Users can methodically modernise existing business-critical COBOL applications – connecting them with mobile and cloud applications. More than 65 per cent of enterprise software and 70 per cent of business transaction processing is powered by applications written in the COBOL language. For banking, insurance, manufacturing, retail, government and many other industries, these mission-critical applications deliver a unique competitive advantage. 

Additionally, enterprise COBOL extended the language to directly work with Java, XML and JSON. JSON is a lightweight data exchange format used by mobile applications and provides mobile applications with easy access to data and the processing they need from business-critical enterprise COBOL applications. In today’s mainframe world, application modernisation is at a developer’s fingertips.

At the core of a connected infrastructure – In order to achieve a connected ecosystem, there needs to be an IT infrastructure with seamless integration across all parts of an organisation. Businesses need to be able to apply the correct resources in the right places. Whether mainframe applications are being executed in a virtualised or hybrid IT environment, modern mainframe systems have the flexibility to do either. In fact, many are investing in additional capacity thanks to the proliferation of cloud and today’s multi-cloud reality – organisations want the two to work in conjunction with one another, ensuring connectivity isn’t compromised.   

Nimble and adaptable – The IT department needs to be able to breathe new life into the mainframe – providing agile development alongside the flexibility to implement change and adapt, regardless of constraints and circumstances. Multi-platform DevOps is a viable approach to the mainframe; by combining agile and DevOps with a unified and collaborative development and delivery environment, mainframe technology can become part of the new generation of rapid application delivery. As an example of this, Arcati recently reported (opens in new tab) that two-thirds of the mainframe world is utilising DevOps, which explains why it is such a popular track at the SHARE (opens in new tab) mainframe community gatherings.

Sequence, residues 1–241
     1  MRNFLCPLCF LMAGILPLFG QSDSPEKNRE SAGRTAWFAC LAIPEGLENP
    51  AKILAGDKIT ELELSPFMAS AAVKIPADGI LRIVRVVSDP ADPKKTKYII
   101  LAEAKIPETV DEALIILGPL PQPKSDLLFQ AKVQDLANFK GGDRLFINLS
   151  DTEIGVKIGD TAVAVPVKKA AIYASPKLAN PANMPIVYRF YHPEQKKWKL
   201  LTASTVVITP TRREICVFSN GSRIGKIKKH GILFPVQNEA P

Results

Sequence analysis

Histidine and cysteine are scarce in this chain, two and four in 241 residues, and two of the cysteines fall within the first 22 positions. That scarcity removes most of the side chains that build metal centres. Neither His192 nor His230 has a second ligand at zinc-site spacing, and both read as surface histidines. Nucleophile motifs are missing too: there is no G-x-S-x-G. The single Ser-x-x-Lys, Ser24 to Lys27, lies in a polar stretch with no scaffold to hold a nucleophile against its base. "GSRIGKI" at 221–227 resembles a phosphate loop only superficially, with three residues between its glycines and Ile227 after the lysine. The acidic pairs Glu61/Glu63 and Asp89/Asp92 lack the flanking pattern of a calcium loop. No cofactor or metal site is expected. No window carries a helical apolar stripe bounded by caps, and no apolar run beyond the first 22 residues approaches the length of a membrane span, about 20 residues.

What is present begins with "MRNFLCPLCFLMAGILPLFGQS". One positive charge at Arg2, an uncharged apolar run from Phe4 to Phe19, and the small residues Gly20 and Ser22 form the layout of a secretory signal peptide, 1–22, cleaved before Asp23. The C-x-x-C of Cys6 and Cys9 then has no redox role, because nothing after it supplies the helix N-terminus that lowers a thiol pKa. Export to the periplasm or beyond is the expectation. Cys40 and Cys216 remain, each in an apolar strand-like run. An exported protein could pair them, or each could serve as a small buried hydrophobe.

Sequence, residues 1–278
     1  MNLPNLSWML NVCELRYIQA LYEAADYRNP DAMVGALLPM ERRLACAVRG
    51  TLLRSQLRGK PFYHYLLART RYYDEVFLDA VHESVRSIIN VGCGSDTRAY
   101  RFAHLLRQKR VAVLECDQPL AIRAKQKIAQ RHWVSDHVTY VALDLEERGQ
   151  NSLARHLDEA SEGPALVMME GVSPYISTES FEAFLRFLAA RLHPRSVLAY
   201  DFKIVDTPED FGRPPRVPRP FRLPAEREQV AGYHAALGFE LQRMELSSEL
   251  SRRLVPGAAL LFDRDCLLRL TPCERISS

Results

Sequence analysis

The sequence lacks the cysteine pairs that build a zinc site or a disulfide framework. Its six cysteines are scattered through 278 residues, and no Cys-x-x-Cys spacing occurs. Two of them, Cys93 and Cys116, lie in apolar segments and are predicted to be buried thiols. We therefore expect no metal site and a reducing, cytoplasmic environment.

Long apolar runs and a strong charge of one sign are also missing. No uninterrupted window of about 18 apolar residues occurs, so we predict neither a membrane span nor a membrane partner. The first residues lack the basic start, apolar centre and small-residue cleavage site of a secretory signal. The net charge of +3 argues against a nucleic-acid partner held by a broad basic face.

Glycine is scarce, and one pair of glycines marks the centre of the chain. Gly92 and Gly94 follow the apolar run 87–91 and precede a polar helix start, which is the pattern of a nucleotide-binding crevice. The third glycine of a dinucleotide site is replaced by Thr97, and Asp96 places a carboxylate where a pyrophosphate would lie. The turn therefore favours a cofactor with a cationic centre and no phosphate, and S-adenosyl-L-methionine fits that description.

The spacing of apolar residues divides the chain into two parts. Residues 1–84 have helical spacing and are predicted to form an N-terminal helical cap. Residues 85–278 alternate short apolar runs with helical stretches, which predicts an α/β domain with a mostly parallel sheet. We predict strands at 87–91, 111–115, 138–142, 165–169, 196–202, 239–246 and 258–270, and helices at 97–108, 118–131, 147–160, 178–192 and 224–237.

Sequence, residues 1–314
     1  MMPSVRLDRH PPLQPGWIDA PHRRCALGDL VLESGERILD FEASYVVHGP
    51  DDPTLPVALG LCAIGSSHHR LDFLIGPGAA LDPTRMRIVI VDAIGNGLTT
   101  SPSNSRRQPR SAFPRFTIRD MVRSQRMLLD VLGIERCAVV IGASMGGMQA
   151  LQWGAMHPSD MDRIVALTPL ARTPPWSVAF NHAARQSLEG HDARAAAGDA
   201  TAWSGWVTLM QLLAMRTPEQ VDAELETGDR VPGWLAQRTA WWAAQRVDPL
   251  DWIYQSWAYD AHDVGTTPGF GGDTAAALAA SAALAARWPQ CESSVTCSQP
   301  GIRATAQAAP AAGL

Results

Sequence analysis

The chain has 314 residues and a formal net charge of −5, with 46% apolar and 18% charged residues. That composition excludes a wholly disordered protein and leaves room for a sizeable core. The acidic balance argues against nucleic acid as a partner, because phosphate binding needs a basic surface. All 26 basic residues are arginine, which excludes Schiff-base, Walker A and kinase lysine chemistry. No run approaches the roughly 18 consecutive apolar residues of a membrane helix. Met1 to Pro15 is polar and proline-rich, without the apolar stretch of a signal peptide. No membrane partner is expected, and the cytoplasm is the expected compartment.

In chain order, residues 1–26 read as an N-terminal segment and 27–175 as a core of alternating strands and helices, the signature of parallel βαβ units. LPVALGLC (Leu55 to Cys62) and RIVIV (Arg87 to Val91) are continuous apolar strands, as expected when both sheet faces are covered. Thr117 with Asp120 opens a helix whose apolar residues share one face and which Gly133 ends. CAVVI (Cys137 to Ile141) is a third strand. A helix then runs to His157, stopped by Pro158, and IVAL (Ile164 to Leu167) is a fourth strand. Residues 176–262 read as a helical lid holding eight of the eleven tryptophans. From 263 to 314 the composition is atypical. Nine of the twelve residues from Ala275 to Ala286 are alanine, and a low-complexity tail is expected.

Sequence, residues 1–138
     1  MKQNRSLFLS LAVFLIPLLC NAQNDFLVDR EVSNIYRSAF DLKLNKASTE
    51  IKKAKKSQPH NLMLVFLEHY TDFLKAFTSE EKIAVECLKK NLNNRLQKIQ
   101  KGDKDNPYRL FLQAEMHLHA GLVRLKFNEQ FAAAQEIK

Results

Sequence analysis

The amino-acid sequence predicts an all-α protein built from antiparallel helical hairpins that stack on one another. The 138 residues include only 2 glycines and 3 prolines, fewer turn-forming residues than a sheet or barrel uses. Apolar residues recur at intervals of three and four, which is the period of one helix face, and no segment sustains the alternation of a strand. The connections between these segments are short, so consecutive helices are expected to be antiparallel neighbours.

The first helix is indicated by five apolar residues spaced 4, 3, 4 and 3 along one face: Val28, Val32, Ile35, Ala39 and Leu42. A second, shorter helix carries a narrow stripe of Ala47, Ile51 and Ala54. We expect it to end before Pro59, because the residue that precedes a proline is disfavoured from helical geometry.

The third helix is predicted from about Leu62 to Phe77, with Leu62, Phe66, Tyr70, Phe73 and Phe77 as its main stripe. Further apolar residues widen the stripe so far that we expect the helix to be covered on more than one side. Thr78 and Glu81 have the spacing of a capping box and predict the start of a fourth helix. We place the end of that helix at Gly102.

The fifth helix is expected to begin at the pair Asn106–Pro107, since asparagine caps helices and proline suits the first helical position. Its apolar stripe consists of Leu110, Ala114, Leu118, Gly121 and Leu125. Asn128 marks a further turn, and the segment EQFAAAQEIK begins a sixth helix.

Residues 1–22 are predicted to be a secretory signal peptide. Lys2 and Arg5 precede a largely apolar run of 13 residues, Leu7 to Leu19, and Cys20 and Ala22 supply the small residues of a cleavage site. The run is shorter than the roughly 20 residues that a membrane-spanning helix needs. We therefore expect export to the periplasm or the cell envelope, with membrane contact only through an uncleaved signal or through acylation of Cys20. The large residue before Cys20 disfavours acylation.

For the next generation IT team – Ensuring your workforce is mainframe-ready is essential. After all, technology will only do what it is instructed to do by a human team. To help develop the next generation of digital and IT skills, mainframe vendors have called for – and advocated (opens in new tab) – an approach that unifies disparate IT skills with modern technology. This approach allows the next generation of IT workers to acquire technical skills across the board, with all systems, including the mainframe.   

A secure future – IBM has invested in pervasive encryption technology, to ensure the z14 is secure straight from the box. When combined with other mainframe software innovations, a heightened level of security can be achieved – whether that’s using multi-factor authentication, or security solutions integrating social, cloud and back-end data.   

Modernising a trusted, valuable mainframe-based IT system is a sure-fire route to success. It delivers a variety of viable options, irrespective of the drivers for change within an organisation. Looking at all of the benefits of mainframe technology, it’s easy to see why enterprises continue to rely on one of the most trusted elements of the IT team’s arsenal. Little wonder that recent market results suggest a resurgence in the popularity of the mainframe.  At the end of the day, the mainframe is here to stay.  

Derek Britton, Director of AMC Strategy at Micro Focus (opens in new tab) 

Image Credit: IBM

Derek Britton is director of AMC strategy at global software company, Micro Focus.